We get better when we listen to others. But how do we know who to listen to?
In 1862, Abraham Lincoln had few fans. He was pressed between the country’s dissatisfaction at the Civil War’s slow progress and the divide on the slavery issue.
One side believed slavery’s immorality demanded immediate reckoning. The other feared emancipation would further divide the nation. Both voices were loud in Lincoln’s Cabinet, where his “team of rivals” often sought their own promotion and fame over the country’s best. Nearly everybody was frustrated at Lincoln’s seeming inability to pick a side.
What appeared to be passivity was actually strategic. Lincoln trusted in his own authority enough to not capitulate to the criticisms of either extreme. While most of us would want the tension to go away, he let tension build. He allowed the values of each side emerge while he ruminated on the possibility of a third option.
Through his nomination and presidency, Lincoln maintained remarkable resolve at his primary value, one he believed bestowed upon him in the Constitution: preserve the Union.
In seasons of uncertainty, to whom should leaders listen?
Lincoln drafted the Emancipation Proclamation. With a presidential proclamation, he intended to free all slaves in Confederate states. This was more aggressive and decisive than anyone had expected.
Lincoln then gathered his Cabinet and told them my mind is made up, but I’m telling you first. The debate was over and the decision was his. After all, he already knew their opinions.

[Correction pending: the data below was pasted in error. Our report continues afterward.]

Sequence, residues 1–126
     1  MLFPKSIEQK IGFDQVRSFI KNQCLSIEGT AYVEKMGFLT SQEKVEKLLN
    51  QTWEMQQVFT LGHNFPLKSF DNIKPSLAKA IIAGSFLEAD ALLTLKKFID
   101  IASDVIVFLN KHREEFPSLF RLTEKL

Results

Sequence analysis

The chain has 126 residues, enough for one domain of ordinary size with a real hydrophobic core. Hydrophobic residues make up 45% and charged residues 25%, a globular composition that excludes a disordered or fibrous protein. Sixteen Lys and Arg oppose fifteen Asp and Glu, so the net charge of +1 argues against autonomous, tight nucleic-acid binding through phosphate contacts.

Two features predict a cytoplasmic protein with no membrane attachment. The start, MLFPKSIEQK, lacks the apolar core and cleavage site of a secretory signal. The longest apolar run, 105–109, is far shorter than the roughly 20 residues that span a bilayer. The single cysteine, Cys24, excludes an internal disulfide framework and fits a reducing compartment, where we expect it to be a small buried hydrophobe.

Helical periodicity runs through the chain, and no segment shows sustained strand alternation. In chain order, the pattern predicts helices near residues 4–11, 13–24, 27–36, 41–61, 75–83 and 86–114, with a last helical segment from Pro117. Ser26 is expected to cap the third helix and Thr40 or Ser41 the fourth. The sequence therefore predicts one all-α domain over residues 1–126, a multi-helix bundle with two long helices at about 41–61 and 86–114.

Wait. I thought leaders were supposed to listen?
Lincoln did listen. He knew who to listen to.
The former rail splitter had the strength to withstand the vitriol of response. From the most powerful group of White men in the country, he accepted but a few minor revisions.
Listening to Outsiders
And then, attentive to the ramifications of his decision for Black Americans, he invited a contingent of freed slaves to the White House.
He had informed his Cabinet. He listened to the marginalized. Lincoln invited some of America’s most underrepresented citizens into his inner circle and listened to them.
Before they had a vote, he gave them a voice.
In this instance, he was willing to be wrong. In fact, he adapted his plan based on their input.
Listening in Action
Lincoln could have let uncertainty influence his resolve. He also could have shut himself off to outside voices. Instead, he moved forward with clarity of voice and an ear to everyone his decision would impact. In particular, he sought out the voices of people few others had heard.
You probably have a pretty good grasp on what people like you think. Go find people with different roles, backgrounds, responsibilities, and perspectives. Listening to diverse voices helps you make better decisions. You’ll become more empathetic, informed, and connected. As you do, you’ll become more likely to entrust others with leadership.
Don’t just hope diverse voices come across your path. Make a plan to invite them in, listen to them, and take them seriously.
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